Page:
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Sunday, December 27, 2015

Polyavian delights at Polywog Ponds: Green Kingfisher and Western Tanager

[Corpus Christi, TX. Dec 2015]

It is said that "Wealth lies in the eye of the beholder" (in taking liberty with a well known adage). Indeed, one could rank our 50 states by wealth in population; or income, or by days of sunshine; or by whatever metric suits one's definition of "wealth". Surely this is a subjective exercise but in relation to our avifauna, the states endowed with the most birding riches are Texas, California and Arizona. Texas, especially, is unique in affording observation of both Western and Eastern species in an unparalleled variety of habitats ranging from tropical, woodland, montane, desert, prairie and coastal. The lonestar state is exceptionally well blessed with a plethora of specialty and highly coveted species that are best seen here than anywhere else in the US.

A family vacation in Texas provided a couple of opportunities that underscored exactly why Texas is the heavyweight in the world of birding. One remarkable hotspot explored during this trip is Polywog (also spelt Pollywog) Ponds in Corpus Christi which yielded a delightful assortment of species such as:

The incomparable Green Kingfisher:

It is a lamentable fact that most birders in this country are acquainted solely with a single Kingfisher species -- the Belted Kingfisher. The Green Kingfisher is everything that the Belted is not -- it is tiny (about the size of a sparrow); the male has a prominent rufous chest band (in the Belted, it is the female that sports this feature); and its plumage is wholly devoid of blue. 

Of course, there are similarities too between the Green Kingfisher and the Belted -- both are highly skittish; their vocalizations consist of rattling calls and clicks and their feeding and breeding habits are almost identical.  

The trademark looks of the kingfisher -- manifesting a heron's bill on a songbird's body atop the tiny legs of a swallow -- are consistent throughout the members of this global family. And, if the Green Kingfisher is on your lifelist, there's a very good chance that the observation was made in Texas (where their range is much larger than in SE AZ).

At the entrance to Polywog Ponds, a medium-sized yellowish bird with two prominent wingbars was observed -- a Western Tanager:

Southern Texas is not normally in this songbird's range, so this sighting was wholly unexpected.

Western Tanagers are found from British Columbia to New Mexico and are considered to be the Western equivalent of the Scarlet Tanager.

Other species observed were -- Couch's Kingbird:

This kingbird is another Texan specialty and its closest relative is Tropical Kingbird. They are visually indistinguishable save for the thicker bill of the Tropical. However, their vocalizations are distinct and, where their ranges overlap, they do not interbreed.

White-winged Dove:

and a glorious Roseate Spoonbill flyby:

In the end, it is not our possessions that will define us. The experiences we receive and those we bequeath to others will be the true testament to wealth in our lifetime. And, in Texas, a wealth of exceptional birding experiences await the intrepid birder.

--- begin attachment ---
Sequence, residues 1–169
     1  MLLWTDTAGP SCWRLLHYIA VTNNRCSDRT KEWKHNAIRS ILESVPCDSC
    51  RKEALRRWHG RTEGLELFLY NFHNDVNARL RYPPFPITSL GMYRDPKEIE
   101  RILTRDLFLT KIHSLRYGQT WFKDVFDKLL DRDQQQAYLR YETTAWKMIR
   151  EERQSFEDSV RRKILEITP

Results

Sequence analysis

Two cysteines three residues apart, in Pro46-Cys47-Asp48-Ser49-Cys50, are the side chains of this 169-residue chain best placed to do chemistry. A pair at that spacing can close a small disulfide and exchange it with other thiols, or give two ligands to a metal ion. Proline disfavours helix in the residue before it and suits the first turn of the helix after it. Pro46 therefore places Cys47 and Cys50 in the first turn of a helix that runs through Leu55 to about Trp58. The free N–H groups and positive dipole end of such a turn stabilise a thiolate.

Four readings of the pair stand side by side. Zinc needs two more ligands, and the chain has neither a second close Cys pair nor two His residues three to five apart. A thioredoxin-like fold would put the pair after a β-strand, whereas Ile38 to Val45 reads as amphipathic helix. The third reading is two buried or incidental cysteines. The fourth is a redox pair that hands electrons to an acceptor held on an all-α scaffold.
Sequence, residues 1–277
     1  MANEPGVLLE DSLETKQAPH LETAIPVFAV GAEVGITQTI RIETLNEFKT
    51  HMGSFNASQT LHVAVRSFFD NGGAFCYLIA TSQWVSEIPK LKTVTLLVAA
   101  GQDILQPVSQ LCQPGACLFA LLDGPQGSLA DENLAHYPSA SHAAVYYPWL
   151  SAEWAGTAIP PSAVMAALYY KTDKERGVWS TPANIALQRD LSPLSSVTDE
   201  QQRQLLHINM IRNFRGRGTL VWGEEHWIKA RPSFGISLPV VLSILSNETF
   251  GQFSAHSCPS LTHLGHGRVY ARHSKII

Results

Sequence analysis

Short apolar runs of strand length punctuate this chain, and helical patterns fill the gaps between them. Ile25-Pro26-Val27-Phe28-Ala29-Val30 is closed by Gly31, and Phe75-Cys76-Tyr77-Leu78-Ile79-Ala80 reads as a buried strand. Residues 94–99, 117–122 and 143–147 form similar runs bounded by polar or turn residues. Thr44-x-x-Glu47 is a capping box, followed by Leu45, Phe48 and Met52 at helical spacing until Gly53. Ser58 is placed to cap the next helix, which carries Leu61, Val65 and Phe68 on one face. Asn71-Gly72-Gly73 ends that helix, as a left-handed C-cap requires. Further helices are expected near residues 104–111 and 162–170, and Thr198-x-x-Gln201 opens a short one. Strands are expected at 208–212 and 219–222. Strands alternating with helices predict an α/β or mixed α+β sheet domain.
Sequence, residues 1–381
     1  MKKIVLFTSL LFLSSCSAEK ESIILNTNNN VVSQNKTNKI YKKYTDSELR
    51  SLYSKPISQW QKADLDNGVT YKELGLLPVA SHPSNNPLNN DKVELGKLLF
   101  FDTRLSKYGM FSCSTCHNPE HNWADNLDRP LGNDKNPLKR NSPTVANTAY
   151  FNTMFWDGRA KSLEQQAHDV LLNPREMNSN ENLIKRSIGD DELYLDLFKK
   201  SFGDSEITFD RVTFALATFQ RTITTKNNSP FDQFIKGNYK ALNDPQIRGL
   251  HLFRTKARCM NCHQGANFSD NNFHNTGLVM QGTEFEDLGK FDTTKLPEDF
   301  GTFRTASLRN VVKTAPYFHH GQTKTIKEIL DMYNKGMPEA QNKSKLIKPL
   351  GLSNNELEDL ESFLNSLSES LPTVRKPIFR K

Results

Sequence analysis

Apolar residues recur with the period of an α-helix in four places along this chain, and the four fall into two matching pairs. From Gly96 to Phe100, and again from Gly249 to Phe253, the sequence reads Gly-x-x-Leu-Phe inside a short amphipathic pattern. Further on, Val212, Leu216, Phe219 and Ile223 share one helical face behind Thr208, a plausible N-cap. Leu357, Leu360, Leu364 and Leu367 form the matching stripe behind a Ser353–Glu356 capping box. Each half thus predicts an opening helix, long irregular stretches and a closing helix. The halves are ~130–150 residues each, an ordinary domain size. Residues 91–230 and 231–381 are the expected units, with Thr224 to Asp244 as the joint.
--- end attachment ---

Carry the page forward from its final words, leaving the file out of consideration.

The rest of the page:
Photo of entrance:

Link to geotagged photo for map location.

Thursday, December 10, 2015

Tanque Verde Wash & Sweetwater Wetlands: Cassin's Vireo, Phainopepla, Ladder-backed Woodpecker

[SE AZ. April and August 2015]

For all our ecologically righteous "gnashing of teeth" over the lamentable loss of habitat and the the squeezing out of wildlife by the inexorable (and hideous) march of "development", it will be no small relief to know that a surprising assortment of species are able to eke out an existence in a couple of small oases of nature found in the urban sprawl of Tucson: hotspots such as Tanque Verde Wash and Sweetwater Wetlands. And, a trip to Tucson earlier this year at these fabled venues was aptly rewarded with glorious sightings of:
  • Cassin's Vireo
  • Phainopepla
  • Yellow Warbler
  • Ladder-backed Woodpecker
  • Greater Roadrunner
  • Western Tanager
  • Common Yellowthroat
First, Cassin's Vireo:

Cassin's Vireo is a gift to the birding community through the wonderfully beneficent act of "splitting" by the AOU in 1997. Cassin's erstwhile incarnation was that of the "Solitary Vireo" -- which has been replaced by our 3 spectacled vireos: Cassin's Vireo, Blue-headed Vireo and Plumbeous Vireo. At Tanque Verde Wash, Cassin's Vireo was observed vocalizing frequently in the trees. Disambiguation with the Plumbeous is simple thanks to the overall grey color scheme of the latter. However, confusion of Cassin's and Blue-headed is inevitable -- and although there are subtle differences, the easier method is to rely on their (largely) distinct ranges (see the Blue-headed Vireo here).
Next, Phainopepla:

Both a female and a male were observed. This is the only member of its family present in the US. While it is only found in the desert Southwest, the next species should be familiar to all:

Yellow Warbler:

The Ladder-backed Woodpecker may look familiar -- it closely resembles Nutall's Woodpecker and sometimes it is even confused with Red-bellied Woodpecker; but there is no mistaking the red-crown and prominent eye-stripe:

While Tanque Verde Wash is excellent for songbirds, Sweetwater Wetlands (on the other side of town), offers a different mix of species -- especially waterfowl in winter. However, on this visit, a curious spectacle was observed -- a Roadrunner tailing a rather large snake:

Up in the trees, a Western Tanager was a nice surprise:

Finally, any habitat with marshy conditions is perfect for Common Yellowthroat:

Amidst the concrete jungle of Tucson, two outstanding hotspots offer the intrepid birder a chance to savor some choice species that are both familiar as well as extraordinary.